The reader is also provided with two control sensors 70, 71 that are physically mounted on wall 23 at opposite sides of the viewing slot 53 (FIG. 5). They enable the recognition processor 65 to identify the direction of travel of each document 10 moved through the slot 22. They are operably connected to the sensor port shown at 72.
Various modifications might be made with respect to specific electronic components of this invention. The functional attributes of these components are therefore the only details believed to be essential to an understanding of the invention disclosure.
|US3628016 *||27. Nov. 1970||14. Dez. 1971||Pitney Bowes Alpex||Photoelectric reader for fluorescent ink imprinted coded document|
|Zitiert von Patent||Eingetragen||Veröffentlichungsdatum||Antragsteller||Titel|
|US4672661 *||28. Aug. 1985||9. Juni 1987||Communications Equipment And Engineering Co.||Credit card telephone station|
|US4897880 *||6. März 1989||30. Jan. 1990||Soricon Corporation||Data acquisition control method and system for a hand held reader|
|US4908516 *||7. Apr. 1987||13. März 1990||West Michael A||Apparatus and process for checking the authenticity of an article having a magnetic storage information means|
|US5023782 *||26. März 1990||11. Juni 1991||Mastercard International Inc.||Travelers cheque transaction terminal|
|US5054092 *||31. März 1988||1. Okt. 1991||Checkmate Electronics, Inc.||Hand-operated low cost magnetic character recognition system|
|US5105073 *||4. Dez. 1990||14. Apr. 1992||Amoco Corporation||Credit card reader extender|
|US5171980 *||1. Aug. 1991||15. Dez. 1992||Pitney Bowes Inc.||Self adjusting scanner apparatus maintaining scan distance|
|US5201010 *||19. Mai 1992||6. Apr. 1993||Credit Verification Corporation||Method and system for building a database and performing marketing based upon prior shopping history|
|US5206493 *||2. Okt. 1989||27. Apr. 1993||Soricon Corporation||Document reader|
|US5237620 *||19. Mai 1992||17. Aug. 1993||Credit Verification Corporation||Check reader method and system for reading check MICR code|
|US5305196 *||19. Mai 1992||19. Apr. 1994||Credit Verification Corporation||Check transaction processing, database building and marketing method and system utilizing automatic check reading|
|US5345090 *||8. März 1993||6. Sept. 1994||Verifone, Inc.||Manual check reader apparatus with optical imaging|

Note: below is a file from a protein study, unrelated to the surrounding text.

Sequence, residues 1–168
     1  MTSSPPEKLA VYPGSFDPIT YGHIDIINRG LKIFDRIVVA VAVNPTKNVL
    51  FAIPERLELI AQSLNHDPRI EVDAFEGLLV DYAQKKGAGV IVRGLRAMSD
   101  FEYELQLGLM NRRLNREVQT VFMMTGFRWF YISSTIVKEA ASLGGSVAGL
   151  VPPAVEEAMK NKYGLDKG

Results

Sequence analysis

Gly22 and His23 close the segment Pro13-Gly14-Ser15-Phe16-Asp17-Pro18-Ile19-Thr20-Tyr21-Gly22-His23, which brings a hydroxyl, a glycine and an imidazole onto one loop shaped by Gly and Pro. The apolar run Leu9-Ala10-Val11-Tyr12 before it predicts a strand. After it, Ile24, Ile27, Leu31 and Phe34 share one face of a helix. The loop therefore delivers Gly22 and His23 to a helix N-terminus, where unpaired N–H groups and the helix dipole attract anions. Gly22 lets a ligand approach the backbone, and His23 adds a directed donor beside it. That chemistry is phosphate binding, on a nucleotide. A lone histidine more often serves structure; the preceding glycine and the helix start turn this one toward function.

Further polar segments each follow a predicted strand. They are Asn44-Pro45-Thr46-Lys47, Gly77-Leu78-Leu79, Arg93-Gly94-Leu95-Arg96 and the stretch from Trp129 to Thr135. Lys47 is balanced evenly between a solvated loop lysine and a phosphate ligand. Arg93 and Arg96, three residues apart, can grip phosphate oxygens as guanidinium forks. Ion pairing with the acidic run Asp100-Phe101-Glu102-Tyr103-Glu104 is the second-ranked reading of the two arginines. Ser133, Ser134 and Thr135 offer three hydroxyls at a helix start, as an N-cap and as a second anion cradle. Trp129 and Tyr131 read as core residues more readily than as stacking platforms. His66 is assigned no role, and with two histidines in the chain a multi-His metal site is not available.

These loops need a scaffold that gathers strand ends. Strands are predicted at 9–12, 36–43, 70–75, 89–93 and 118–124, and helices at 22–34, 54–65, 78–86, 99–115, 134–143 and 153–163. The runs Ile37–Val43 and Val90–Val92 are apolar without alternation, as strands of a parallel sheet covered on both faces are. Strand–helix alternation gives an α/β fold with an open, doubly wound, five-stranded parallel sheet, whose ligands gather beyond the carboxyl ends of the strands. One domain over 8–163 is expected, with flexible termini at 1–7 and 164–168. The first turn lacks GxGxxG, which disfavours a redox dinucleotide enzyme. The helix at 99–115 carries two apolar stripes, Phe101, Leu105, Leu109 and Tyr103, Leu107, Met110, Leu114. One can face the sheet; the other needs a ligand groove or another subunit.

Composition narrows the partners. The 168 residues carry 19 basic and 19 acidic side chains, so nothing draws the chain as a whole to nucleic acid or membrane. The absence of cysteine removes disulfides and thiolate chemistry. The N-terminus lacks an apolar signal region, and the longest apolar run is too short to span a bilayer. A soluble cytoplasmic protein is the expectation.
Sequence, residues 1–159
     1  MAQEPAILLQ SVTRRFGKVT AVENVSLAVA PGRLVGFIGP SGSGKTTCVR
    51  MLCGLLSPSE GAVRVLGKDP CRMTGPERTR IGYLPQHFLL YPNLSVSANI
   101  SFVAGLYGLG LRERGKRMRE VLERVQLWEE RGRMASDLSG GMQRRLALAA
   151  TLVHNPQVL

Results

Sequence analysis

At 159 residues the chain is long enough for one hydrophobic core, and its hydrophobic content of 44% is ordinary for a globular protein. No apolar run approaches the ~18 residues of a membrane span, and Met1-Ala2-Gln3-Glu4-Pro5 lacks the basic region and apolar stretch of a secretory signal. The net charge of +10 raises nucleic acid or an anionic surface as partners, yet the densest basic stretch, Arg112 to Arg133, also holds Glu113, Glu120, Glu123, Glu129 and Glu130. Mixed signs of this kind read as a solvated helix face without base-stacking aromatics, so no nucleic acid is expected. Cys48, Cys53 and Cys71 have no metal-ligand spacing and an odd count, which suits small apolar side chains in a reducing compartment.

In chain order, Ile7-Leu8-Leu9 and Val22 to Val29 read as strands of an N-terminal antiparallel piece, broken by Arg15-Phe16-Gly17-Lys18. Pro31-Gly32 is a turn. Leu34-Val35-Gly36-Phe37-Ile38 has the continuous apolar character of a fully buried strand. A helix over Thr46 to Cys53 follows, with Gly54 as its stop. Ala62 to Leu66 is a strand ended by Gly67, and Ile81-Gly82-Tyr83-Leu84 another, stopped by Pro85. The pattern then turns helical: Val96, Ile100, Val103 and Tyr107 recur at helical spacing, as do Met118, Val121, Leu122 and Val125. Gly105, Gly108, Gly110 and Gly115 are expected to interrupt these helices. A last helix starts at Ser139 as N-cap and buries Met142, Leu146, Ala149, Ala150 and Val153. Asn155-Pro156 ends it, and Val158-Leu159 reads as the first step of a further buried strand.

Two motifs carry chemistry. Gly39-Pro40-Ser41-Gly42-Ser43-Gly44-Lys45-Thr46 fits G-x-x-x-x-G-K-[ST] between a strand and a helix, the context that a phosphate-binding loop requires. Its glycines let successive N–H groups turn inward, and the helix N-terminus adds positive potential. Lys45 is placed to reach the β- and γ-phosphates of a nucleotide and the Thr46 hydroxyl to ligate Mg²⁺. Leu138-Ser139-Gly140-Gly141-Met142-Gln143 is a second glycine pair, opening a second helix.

|US5388165 *||4. Jan. 1994||7. Febr. 1995||Credit Verification Corporation||Method and system for building a database and performing marketing based upon prior shopping history|
|US5430644 *||9. Nov. 1994||4. Juli 1995||Credit Verification Corporation||Check transaction processing, database building and marketing method and system utilizing automatic check reading|
|US5448471 *||30. März 1994||5. Sept. 1995||Credit Verification Corporation||Check transaction processing, database building and marketing method and system utilizing automatic check reading|
|US5592560 *||8. Sept. 1994||7. Jan. 1997||Credit Verification Corporation||Method and system for building a database and performing marketing based upon prior shopping history|
|US5621812 *||17. Mai 1993||15. Apr. 1997||Credit Verification Corporation||Method and system for building a database for use with selective incentive marketing in response to customer shopping histories|
|US5638457 *||28. Febr. 1994||10. Juni 1997||Credit Verification Corporation||Method and system for building a database for use with selective incentive marketing in response to customer shopping histories|
|US5644723 *||4. Jan. 1994||1. Juli 1997||Credit Verification Corporation||Method and system for selective incentive point-of-sale marketing in response to customer shopping histories|
|US5659469 *||27. Apr. 1995||19. Aug. 1997||Credit Verification Corporation|
|US5675662 *||6. Sept. 1994||7. Okt. 1997||Credit Verification Corporation||Method and system for building a database for use with selective incentive marketing in response to customer shopping histories|
|US5801366 *||28. März 1996||1. Sept. 1998||Electronic Data Systems Corporation||Automated system and method for point-of-sale (POS) check processing|
|US5832463 *||28. März 1996||3. Nov. 1998||Electronic Data Systems Corporation||Automated system and method for checkless check transaction|